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'Sugar Man' director killed himself: family

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Malik Bendjelloul received an Oscar for his work. File photo: TT
00:25 CEST+02:00
UPDATED: Malik Bendjelloul, the Oscar-winning director of the documentary Searching for Sugar Man, has died aged 36, after a short spell suffering depression, his family said on Wednesday.

 "I can confim that it was suicide and that he had been depressed for a short period of time," the acclaimed director's brother Johar Bendjelloul told the Aftonbladet newspaper the day after Malik's body was found.

First-time director Bendjelloul won an Academy Award for best documentary feature last year for Searching for Sugarman, which told the story of a musician who became famous without knowing it.
  
Searching for Sugar Man won various other awards, including best documentary prizes from Britain's Bafta and the Directors Guild of America last year, two world cinema prizes at the 2012 Sundance Film Festival and a string of prizes from the Guldbagge Awards in Sweden.
 
Born to an Algerian father and a Swedish mother in 1977 in the small southern town of Ystad, the young filmmaker moved to Stockholm as his career started to take off.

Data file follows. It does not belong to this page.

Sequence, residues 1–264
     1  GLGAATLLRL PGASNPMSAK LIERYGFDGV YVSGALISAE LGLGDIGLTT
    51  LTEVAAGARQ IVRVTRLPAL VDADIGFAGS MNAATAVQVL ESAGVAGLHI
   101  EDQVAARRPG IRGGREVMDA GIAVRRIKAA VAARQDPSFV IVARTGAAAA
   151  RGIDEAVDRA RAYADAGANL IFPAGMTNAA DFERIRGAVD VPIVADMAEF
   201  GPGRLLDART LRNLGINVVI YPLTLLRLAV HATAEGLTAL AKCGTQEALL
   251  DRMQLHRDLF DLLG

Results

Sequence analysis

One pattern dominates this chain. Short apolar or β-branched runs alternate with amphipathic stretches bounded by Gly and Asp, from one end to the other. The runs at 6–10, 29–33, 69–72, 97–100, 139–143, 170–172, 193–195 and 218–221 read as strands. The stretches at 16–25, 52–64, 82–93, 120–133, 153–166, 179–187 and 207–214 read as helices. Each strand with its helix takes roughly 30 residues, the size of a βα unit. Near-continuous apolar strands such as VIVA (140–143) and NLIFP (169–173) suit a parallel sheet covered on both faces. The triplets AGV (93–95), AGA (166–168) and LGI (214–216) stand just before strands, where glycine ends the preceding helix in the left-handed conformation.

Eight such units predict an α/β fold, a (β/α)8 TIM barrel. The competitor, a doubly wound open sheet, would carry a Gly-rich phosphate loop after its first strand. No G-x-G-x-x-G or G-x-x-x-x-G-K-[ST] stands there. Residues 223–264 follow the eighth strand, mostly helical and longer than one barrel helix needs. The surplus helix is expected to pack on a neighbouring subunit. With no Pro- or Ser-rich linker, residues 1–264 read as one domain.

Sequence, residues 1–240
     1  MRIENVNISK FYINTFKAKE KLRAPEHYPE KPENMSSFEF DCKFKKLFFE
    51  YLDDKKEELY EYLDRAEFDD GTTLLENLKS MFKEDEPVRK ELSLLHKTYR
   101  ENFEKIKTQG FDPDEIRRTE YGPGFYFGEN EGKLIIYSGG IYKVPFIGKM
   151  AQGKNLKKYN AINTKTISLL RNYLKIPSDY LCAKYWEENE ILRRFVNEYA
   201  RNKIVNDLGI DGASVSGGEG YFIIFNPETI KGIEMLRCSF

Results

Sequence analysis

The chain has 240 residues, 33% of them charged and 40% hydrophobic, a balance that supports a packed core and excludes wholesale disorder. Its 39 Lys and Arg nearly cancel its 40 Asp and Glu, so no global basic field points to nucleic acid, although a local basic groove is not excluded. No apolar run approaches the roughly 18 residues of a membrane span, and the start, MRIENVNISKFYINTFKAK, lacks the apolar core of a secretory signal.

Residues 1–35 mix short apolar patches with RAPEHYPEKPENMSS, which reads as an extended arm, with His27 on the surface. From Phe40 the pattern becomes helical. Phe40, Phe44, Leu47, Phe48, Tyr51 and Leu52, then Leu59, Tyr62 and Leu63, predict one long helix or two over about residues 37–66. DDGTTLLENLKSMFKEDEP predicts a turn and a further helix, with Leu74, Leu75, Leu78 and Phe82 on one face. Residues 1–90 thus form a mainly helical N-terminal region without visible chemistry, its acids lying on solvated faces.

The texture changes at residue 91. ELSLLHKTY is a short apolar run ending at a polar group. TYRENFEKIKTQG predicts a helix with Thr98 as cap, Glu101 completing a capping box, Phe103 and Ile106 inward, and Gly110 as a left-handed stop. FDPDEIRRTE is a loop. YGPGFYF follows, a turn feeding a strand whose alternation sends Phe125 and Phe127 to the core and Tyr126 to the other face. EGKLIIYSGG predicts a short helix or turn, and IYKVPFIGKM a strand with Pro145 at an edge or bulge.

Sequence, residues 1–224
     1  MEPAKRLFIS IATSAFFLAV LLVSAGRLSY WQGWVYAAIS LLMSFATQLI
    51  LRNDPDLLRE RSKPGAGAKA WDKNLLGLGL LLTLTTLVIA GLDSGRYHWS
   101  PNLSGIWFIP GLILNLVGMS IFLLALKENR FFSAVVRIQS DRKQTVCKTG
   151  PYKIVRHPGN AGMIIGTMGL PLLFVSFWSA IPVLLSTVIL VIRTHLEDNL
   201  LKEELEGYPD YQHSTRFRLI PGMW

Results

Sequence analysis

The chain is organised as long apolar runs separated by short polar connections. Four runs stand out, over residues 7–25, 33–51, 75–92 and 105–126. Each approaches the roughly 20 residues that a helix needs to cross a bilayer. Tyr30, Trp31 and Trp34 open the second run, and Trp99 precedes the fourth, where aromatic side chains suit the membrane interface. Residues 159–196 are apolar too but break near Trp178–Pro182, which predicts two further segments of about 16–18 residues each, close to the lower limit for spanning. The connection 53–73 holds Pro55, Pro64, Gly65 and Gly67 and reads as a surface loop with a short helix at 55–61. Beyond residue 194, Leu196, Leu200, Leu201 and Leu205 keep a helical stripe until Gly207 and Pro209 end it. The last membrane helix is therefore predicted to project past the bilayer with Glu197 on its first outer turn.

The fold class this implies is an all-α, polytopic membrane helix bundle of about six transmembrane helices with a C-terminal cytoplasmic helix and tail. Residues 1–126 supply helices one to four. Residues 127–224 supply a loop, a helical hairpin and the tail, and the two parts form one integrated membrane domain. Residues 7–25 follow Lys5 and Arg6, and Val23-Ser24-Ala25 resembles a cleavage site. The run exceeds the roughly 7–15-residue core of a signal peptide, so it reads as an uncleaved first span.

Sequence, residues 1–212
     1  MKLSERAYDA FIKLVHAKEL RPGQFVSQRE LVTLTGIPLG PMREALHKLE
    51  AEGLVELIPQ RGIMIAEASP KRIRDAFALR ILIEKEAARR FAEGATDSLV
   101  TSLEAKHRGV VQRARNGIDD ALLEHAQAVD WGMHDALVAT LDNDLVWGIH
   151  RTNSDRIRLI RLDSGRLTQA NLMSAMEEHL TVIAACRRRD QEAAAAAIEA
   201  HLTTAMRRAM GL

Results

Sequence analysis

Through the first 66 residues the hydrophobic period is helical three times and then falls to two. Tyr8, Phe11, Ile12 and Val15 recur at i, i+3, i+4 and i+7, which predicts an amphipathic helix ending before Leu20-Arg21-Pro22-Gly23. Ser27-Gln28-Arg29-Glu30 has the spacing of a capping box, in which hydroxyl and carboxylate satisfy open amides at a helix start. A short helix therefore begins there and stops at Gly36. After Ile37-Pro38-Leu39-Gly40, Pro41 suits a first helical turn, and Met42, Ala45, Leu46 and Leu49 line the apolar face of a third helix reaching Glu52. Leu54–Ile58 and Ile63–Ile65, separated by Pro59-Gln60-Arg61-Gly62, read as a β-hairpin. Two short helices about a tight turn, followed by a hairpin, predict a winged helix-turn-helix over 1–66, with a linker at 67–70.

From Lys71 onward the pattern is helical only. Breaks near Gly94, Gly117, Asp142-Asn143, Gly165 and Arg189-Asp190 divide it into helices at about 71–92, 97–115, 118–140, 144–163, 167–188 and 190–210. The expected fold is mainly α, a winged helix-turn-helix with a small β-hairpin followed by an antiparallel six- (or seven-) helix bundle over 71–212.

Bendjelloul first discovered Rodriguez while travelling for six months in Africa in 2006, and was fascinated by his story.
 
Rodriquez, the son of Mexican immigrants, was discovered by two producers in a bar. They helped him record his first album "Cold Fact" in 1970. It was a critical success, but did not sell well. The following year, when he started working with another producer, his recorded his second record "Coming from Reality". Again, it showcased Rodriguez' talent, but flopped commercially.
   
Taking the hint, the young Rodriguez gave up his musical ambitions, and went off to work in the construction industry.

Story continues below…

   
But while his records failed to take off at home, by accident a bootleg copy made it to South Africa, where it struck a chord with progressive young whites, exasperated with apartheid. His success was such that bizarre stories began to emerge about him, as he wasn't present to correct any tall tales such as that he rumour that he had committed suicide by setting himself alight on stage.
   
In the end, the curiosity of two young fans broke through the myths: they found he was still alive, living in the United States. They brought him to South Africa where he was greeted as a hero in 1998, playing six sold-out concerts.

Searching for Sugar Man tells the story of those two fans' search for Rodriguez, and of his musical renaissance.

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